PARIS (Reuters) - Gucci’s sales growth remained sluggish in the first three months of the year, hit in part by the brand’s upmarket repositioning and the clean-up of its wholesale distribution network.
The Italian brand, which represents the bulk of valuation for parent Kering (PRTP.PA), on Thursday posted a 0.3 percent rise in like-for-like sales for the first quarter, broadly in line with analysts’ expectations.
In a conference call with journalists, Kering Finance Director Jean-Marc Duplaix said Gucci’s sales in China were still declining, without providing figures, but added that “trends are improving”.
Gucci still makes more than 20 percent of its turnover from wholesale buyers, whose contribution to comparable sales dropped 19 percent in the first quarter after some accounts with department stores ended. Revenue from directly operated stores was up 6 percent on a like-for-like basis.
Kering said it had noted a drop in demand from Russian and Ukrainian customers due to the crisis in Ukraine but stressed that clients from these countries made up only 4 percent of total sales.
Gucci, which already saw its sales stall in the fourth quarter, continued to underperform arch-rival Louis Vuitton, owned by industry leader LVMH (LVMH.PA), which posted comparable sales growth of close to 9 percent in the first quarter.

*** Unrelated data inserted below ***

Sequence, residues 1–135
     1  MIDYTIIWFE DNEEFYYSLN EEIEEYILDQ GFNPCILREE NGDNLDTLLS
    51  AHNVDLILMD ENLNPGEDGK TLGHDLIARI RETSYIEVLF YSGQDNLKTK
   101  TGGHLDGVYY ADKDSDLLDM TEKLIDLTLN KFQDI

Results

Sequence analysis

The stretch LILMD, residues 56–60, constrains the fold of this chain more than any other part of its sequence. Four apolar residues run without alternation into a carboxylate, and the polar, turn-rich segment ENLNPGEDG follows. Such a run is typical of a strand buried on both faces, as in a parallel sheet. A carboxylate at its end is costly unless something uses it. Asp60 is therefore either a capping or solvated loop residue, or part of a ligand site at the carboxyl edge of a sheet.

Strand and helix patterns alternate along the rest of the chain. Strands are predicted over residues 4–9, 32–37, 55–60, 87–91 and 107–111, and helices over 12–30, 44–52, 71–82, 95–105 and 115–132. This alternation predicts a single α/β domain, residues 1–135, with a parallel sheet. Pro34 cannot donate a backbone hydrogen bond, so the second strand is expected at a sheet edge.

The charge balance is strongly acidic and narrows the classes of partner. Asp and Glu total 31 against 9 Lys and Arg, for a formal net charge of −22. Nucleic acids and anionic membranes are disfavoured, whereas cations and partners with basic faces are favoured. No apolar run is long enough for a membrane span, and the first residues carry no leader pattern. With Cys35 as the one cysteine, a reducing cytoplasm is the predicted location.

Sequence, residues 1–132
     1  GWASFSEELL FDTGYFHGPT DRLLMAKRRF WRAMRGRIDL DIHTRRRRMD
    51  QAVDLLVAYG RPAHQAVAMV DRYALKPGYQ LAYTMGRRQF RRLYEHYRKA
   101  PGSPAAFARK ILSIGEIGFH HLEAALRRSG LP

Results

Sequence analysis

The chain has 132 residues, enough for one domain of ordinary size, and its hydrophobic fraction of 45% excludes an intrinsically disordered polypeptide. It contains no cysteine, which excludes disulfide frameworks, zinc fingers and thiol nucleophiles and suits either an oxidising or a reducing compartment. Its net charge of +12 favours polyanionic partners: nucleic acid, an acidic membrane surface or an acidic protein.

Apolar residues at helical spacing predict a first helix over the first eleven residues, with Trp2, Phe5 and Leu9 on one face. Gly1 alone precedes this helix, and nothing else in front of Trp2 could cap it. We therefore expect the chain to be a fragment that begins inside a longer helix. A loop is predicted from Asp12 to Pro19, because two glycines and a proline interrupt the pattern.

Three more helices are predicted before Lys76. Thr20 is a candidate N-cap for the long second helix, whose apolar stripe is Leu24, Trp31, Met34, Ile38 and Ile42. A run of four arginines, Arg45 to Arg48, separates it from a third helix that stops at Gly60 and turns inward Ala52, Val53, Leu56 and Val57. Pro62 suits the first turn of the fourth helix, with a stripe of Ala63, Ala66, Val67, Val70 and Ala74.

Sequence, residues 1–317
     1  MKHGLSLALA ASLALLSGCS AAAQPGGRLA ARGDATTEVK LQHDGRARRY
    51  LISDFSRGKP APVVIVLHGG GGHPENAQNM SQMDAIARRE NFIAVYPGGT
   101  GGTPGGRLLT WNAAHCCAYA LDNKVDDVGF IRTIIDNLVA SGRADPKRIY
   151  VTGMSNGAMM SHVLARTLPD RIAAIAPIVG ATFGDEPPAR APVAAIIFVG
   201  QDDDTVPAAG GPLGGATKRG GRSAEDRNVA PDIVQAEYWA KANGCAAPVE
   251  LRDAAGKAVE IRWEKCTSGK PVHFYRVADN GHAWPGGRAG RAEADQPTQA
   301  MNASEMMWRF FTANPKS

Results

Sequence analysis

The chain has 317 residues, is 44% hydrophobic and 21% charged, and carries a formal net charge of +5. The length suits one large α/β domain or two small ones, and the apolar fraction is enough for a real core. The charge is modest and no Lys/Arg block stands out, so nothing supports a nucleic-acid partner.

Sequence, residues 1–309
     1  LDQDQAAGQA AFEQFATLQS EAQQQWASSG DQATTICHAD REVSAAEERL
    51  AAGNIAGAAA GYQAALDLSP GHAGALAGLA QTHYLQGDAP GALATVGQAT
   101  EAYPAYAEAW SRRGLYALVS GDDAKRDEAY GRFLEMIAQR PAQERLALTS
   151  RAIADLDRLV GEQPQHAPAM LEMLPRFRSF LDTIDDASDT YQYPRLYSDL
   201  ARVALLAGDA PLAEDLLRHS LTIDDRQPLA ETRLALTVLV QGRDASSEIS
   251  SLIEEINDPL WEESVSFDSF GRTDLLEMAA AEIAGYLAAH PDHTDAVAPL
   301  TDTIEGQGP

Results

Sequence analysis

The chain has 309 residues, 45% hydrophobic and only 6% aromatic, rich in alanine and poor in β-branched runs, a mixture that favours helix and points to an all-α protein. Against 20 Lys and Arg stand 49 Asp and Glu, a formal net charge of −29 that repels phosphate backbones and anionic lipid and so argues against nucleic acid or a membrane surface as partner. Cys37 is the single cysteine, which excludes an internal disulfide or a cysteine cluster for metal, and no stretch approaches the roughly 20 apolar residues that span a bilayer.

Meanwhile, Britain’s Burberry (BRBY.L) posted strong revenue growth for the first few months of the year, driven by solid demand in Asia.
Overall, Kering’s total quarterly luxury sales rose 6.3 percent to 1.6 billion euros ($2.21 billion) while revenue from the group’s Puma sports brand fell 0.4 percent on a comparative basis and 6.6 percent on a reported basis.
Puma, which is suffering from lackluster demand in Europe, its biggest market, has been undergoing a deep restructuring and strategy change under new management which is taking time to yield results.
Kering on Thursday also announced a reorganization of its luxury activities with the creation of three divisions to better manage its brands.
($1 = 0.7236 Euros)
Editing by James Regan